Saint-Merry asks, “Are you in Paris this summer?”


You will have some moments of freedom? You could…Find – at the easiest time for you – a young asylum seeker welcomed during the year by Welcome JRS (Jesuit Refugee Service) time to chat, to walk … Because the days are long without French classes or other activities . And for you, it is the occasion of beautiful meetings.

For any information: Myriam  or 06 45 62 37 33Marie-Odile Barbier-Bouvet

Source: Are you in Paris this summer? – Saint-Merry

France: Video shows harasser slap woman on Paris street 

A man has been caught on video forcefully slapping a woman after he allegedly sexually harassed her on the streets of Paris.

A man has been caught on video forcefully slapping a woman after he allegedly sexually harassed her on the streets of Paris.

The man is seen walking by a streetside cafe when he picks up an ashtray from a table and throws it over customers’ heads in the woman’s direction. He then comes face to face with her, waving his hands, before striking a blow and turning around to walk away.
The woman, Marie Laguerre, posted CCTV footage of the incident on her Facebook account, saying that she was on her way home on Tuesday last week when the man started whistling and making noises at her, and said “dirty words that were humiliating and provocative as I passed by him.” [ . . . ]

Watch the video at: France: Video shows harasser slap woman on Paris street – CNN

An expat’s guide to Paris

Paris allows you to discover its secrets slowly. It kept my wife and me at bay in the 1990s when we lived and worked here. It ran down boulevards when we chased it. It hid behind copies of the newspaper Le Figaro and the magazine Paris Match. It vanished into clouds of café steam.

The city was everywhere, except where we happened to be. Until the day when, out for breakfast, we bit into tartines instead of croissants. And the day we put on shoes for a walk instead of sneakers. Paris was burning away its mist of strangeness, and we were starting — just beginning — to understand.

Kathy and I planned to revisit the city early last fall. It had been decades since we had learned what an expat learns about daily life and culture, about eating out and getting around. Would our memories and knowledge be useless — or at the very least, gnawed at, by years back in the States?

I started jotting things down. I scratched my head. I found that I was working, without realizing it, on a sort of guide.

It would have American-in-Paris tips for travelers in several categories. I would try to focus them as much as I could for short-term tourists. And when I was done, we would test all the advice during our week of revisiting. Here is what we found:

Daily life and culture

On our return trip here, Kathy and I were reminded how T-shirt-and-ballcap-casual our life in America had become.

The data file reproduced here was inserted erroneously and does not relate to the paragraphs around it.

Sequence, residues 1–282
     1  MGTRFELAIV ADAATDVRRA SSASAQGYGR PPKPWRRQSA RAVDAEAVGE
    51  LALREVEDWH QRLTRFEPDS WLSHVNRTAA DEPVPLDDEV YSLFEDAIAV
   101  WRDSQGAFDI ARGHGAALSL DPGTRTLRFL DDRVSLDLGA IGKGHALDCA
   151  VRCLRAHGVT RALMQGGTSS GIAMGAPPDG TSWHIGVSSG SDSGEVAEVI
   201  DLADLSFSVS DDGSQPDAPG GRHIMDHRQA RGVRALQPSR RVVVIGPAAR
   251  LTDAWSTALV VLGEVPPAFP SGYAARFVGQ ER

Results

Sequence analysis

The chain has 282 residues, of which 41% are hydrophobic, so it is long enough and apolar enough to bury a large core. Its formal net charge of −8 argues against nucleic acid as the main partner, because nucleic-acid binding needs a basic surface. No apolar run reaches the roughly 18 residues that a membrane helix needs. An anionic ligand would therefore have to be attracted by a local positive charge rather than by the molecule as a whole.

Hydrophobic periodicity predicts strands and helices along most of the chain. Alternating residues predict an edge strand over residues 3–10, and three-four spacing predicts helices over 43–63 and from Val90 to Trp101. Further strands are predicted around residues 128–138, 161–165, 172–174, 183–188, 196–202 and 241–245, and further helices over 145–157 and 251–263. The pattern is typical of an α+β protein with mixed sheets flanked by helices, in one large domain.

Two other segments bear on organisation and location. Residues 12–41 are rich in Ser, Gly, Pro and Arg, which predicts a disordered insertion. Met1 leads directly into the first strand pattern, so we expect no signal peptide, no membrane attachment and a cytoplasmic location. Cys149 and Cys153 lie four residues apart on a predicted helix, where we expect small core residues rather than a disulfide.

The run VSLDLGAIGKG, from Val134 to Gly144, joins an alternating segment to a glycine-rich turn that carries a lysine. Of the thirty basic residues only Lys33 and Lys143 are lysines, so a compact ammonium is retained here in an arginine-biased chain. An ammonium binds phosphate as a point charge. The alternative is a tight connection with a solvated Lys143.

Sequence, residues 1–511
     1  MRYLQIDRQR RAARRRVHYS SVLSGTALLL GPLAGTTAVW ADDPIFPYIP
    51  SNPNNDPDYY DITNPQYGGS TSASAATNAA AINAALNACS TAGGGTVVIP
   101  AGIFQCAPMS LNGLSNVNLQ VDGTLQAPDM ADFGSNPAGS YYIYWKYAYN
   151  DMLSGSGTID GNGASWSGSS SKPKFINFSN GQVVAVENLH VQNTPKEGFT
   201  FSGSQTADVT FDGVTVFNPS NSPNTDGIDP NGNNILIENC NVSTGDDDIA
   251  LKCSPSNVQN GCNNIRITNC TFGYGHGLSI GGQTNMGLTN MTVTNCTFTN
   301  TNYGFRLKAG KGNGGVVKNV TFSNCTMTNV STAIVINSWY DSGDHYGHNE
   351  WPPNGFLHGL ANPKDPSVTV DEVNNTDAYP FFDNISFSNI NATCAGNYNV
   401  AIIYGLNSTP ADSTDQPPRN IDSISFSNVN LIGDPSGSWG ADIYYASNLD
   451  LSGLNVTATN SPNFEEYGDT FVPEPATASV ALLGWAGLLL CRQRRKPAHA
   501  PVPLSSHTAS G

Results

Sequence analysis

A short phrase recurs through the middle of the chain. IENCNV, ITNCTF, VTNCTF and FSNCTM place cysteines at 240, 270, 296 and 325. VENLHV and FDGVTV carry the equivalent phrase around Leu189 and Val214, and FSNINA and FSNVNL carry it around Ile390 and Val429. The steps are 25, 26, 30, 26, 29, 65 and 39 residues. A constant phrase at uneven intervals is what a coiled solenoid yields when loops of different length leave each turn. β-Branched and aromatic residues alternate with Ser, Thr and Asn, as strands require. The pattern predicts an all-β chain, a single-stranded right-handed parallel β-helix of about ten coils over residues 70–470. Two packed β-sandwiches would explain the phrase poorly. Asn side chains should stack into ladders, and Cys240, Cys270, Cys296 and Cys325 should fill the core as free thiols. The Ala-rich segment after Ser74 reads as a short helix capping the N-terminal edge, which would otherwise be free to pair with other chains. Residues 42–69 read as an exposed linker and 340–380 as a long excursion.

Unless you're a jogger, leave the trainers at home.
Unless you’re a jogger, leave the trainers at home. (Arvind Garg / Getty Images)


We knew we had some relearning to do when it came to Paris’ rites and rituals. We remembered a simple rule of thumb: The city will open up to you in a thousand small ways if you can blend in and play by a few of its rules.

  • Paris protects its daily traditions, such as greeting store owners on entering and leaving, perhaps by saying “Bonjour, madame,” instead of just “Bonjour,” and by respecting at least some small-scale formalities between strangers while, at the same time, shaking hands or double-kissing just about everyone you know. Though we frequently failed, we tried to keep these formalities in mind.
  • Do your best to roll with the slower pace in ticket lines, restaurants and the like. When American friends visited us, some claimed that waiters in bistros and brasseries ignored them or were rude. Kathy and I would listen, then do what we could to explain. “The French don’t want fast service,” we would say. “They want leisure to enjoy.”
  • Try using a few words of French when you begin to speak, instead of launching into English right away. If you can, modulate your voice a little, no matter how enthusiastic or friendly you may feel. The more modestly you mumble, the better.
  • I’m embarrassed to admit that, when we lived here, I memorized the phrase for “Sorry, I don’t speak French well” and used it at the start of just about every sentence. (That’s ”désolé, je ne parle pas bien le français,” in case you’re wondering.) Even grouchy Parisians tended to back off on hearing this — falsely (though politely) assuring me that I was “doing fine.”
  • How you dress, as an expat or as a tourist, is a language of its own — and one that locals quickly understand. Parisians are good at guessing things about you based on your style of raincoat or how you angle your hat. For reasons I’ll never understand, the language of shoes seems to shout loudest when it comes to suggesting who you are. When we lived here, I realized that my American-style sneakers were doing the talking for me: They were saying things I didn’t want them to say in a city of leather shoes. Ironically, retro-chic canvas sneakers seem to be cool in Paris right now, but probably best not to pack your cross-trainers.
  • Consider leaving sports-style clothing at home — your Gore-Tex, your nylon, your trail-trekkers, your Thinsulate gear. Replace it with wool and cotton, with whatever take on the classics you can muster. Parisian street style isn’t fancy, as some seem to think. It’s simple, but with personal twists, my stylish wife said. Men add colorful pocket squares to Brooks Brothers standards; women like to add an interesting scarf or jacket to jazz up a pair of jeans. Continue reading “An expat’s guide to Paris”